Starbreeze Studios has launched Payday 3, a sequel to its successful multiplayer shooter. This comes amid ongoing restructuring at Embracer Group, whose division Plaion acted as the game’s investor and publisher.
Launch of Payday 3 was far from perfect
Released on September 21, Payday 3 received mixed reviews from critics. It currently holds an average score of 69 on Metacritic, with the press citing the need for more content and improvements, and adding that the game’s success will depend on how well Starbreeze handles its live service support.
On Steam, Payday 3 aroused great interest among players. At the time of writing, it sits at the top of the store’s Top Sellers chart, followed by EA Sports FC 24, CS:GO, and Cyberpunk 2077.
Top 10 highest-grossing games on Steam (September 22, 2023)
According to SteamDB, Payday 3 also peaked at 77,938 concurrent users (CCU), which is a strong result. For comparison, Payday 2 launched at over 56k CCU, but keep in mind that Steam wasn’t as big 10 years ago as it is now.
Plus, the previous game reached its all-time peak of 247,709 CCU on June 1, 2017, when Starbreeze held a huge sale with 85% off all DLCs. So Payday 3 has every chance to improve its numbers with future updates.
Payday 2 vs. Payday 3 concurrent player numbers
Despite strong numbers, the launch of Payday 3 was far from smooth. It currently holds a “Mixed” rating on Steam, with only 41% of the 8,361 user reviews being positive.
On September 21, many people simply couldn’t play the game due to the servers being down, resulting in slow matchmaking and other problems. Starbreeze has already addressed the issue, trying to keep players updated on social media. “Matchmaking services are gradually getting back online. Thank you for your patience and apologies for the wait,” the studio recently wrote.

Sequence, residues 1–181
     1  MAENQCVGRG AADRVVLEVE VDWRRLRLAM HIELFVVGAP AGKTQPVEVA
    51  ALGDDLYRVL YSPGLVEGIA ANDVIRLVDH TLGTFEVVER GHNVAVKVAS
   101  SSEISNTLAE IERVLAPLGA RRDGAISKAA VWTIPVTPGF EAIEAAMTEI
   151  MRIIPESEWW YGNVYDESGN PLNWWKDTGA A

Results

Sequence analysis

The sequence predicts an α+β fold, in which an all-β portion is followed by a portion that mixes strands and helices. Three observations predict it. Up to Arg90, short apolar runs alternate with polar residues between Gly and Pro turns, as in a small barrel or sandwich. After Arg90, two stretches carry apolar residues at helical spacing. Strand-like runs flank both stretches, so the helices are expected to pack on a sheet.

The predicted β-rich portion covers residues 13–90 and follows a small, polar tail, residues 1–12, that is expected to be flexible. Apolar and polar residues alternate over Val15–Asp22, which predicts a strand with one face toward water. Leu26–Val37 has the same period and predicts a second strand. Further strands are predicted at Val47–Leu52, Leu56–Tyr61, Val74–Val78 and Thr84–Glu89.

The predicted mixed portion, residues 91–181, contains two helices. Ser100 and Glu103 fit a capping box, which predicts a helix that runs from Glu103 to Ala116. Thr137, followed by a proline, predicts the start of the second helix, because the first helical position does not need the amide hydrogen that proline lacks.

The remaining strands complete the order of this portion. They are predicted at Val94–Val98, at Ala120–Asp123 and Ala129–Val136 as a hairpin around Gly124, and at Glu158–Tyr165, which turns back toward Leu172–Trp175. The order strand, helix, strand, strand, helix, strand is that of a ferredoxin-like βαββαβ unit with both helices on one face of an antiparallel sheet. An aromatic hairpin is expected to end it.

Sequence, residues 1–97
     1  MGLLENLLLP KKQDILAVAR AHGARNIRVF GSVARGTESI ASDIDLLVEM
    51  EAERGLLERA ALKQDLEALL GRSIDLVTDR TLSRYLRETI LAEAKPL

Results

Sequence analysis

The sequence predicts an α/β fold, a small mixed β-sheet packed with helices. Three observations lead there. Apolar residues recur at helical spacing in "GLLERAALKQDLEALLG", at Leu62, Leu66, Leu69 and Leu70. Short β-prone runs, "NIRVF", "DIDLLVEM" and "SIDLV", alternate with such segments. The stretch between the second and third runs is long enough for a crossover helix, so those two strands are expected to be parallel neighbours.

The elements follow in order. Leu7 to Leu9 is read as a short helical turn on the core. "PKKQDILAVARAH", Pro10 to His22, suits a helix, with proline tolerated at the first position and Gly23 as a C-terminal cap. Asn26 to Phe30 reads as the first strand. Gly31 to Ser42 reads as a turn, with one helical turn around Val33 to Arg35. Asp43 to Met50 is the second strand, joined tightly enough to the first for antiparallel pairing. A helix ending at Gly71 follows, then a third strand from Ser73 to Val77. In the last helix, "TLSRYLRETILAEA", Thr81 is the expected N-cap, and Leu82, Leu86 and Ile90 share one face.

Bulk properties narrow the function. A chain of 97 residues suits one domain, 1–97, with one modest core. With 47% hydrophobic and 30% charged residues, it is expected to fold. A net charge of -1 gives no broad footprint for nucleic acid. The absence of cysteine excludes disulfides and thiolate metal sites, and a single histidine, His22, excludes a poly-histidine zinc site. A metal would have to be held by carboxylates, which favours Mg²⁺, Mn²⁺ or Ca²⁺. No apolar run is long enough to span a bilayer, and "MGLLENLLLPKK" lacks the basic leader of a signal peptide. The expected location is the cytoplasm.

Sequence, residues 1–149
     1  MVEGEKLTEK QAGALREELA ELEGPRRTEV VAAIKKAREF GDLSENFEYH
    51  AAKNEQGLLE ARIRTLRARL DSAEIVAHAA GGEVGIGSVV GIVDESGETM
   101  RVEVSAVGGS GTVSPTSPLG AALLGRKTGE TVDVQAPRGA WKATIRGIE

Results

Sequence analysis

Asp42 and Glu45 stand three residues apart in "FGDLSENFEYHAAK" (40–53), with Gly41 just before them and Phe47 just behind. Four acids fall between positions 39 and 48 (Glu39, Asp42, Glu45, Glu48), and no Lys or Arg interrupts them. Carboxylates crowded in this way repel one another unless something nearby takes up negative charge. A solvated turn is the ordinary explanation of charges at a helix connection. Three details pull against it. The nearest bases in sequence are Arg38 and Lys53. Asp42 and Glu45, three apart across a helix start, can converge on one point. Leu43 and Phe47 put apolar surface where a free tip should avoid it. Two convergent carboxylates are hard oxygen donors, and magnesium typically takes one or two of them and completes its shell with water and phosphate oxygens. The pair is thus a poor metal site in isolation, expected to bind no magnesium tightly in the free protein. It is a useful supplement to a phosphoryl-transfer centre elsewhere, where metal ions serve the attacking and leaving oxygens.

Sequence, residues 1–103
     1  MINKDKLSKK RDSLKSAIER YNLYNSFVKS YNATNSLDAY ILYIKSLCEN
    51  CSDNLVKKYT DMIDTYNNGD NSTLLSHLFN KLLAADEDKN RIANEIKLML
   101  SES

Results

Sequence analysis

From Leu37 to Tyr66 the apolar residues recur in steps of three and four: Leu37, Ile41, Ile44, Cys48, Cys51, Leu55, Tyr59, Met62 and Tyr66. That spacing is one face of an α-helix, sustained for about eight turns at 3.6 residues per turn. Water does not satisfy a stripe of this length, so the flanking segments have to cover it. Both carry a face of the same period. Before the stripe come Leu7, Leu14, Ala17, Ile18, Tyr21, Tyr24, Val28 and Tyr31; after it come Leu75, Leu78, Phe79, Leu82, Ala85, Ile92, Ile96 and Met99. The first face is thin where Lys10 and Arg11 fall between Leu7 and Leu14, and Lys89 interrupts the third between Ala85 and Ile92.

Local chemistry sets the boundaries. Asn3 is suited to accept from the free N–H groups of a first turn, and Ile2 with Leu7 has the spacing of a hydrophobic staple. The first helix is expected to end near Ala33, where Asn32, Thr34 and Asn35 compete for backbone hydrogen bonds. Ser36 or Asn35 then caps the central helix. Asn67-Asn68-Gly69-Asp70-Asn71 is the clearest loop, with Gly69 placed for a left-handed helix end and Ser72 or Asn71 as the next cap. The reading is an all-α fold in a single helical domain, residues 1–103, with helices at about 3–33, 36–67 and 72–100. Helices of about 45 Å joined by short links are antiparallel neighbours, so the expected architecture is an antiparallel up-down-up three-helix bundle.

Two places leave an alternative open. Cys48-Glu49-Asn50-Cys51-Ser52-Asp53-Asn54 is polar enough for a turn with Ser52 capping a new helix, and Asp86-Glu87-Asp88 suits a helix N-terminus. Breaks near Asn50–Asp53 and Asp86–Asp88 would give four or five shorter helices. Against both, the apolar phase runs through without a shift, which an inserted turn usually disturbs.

However, users who left negative reviews also criticize the game for its online-only nature. Here is what one player wrote, summing up most of the complaints:
“It’s really quite phenomenal how every bad part of this game is almost entirely unrelated to the gameplay itself. The gameplay is perfect. Amazing, even. A huge improvement over Payday 2. Everything else feels like it was taken and disfigured by the Live Service vat of acid. […] You’ve got no preplanning, no lobby browser, the complete inability to play solo, grind is increased overall and there’s the fun bonus of possibly “Matchmaking” for 3 minutes to an invite-only lobby with nobody in it. I just hope it gets better.”
Why is Payday 3 such an important game for Starbreeze?
- Starbreeze has been operating in the market since 1998, reaching its first peak in the 00s with games like Enclave, The Chronicles of Riddick: Escape from Butcher Bay, and The Darkness.
- The studio’s biggest success happened shortly after it acquired Payday: The Heist developer Overkill Software in 2012 and released Payday 2, which eventually became the company’s best-selling game.
- This made Starbreeze pursue its publishing ambitions and be more active in the M&A area. That’s when the first problems occurred, which is a topic for a separate article. Long story short, the failure of Overkill’s The Walking Dead in 2015 and a series of bad decisions eventually forced the studio to file for reconstruction due to lack of liquidity at the end of 2018.
- Stabreeze then focused solely on Payday 2, but its financial position has been declining despite the game’s success. For example, in May 2022, the company reported a 470% increase in losses, exceeding $2.3 million.
- So it had high hopes for Payday 3, especially after it signed a €50 million publishing deal with Plaion (then Koch Media) in 2021. Earlier this year, Starbreeze announced that it was finally debt-free, also raising about $40.5 million through a share issue.
- Payday 3 was published by Plaion’s label Deep Silver, which is part of Embracer Group. In its latest financial report, the Swedish holding company, which recently launched a deep restructuring program involving cost cuts and studio closures, noted that it was also betting big on the game.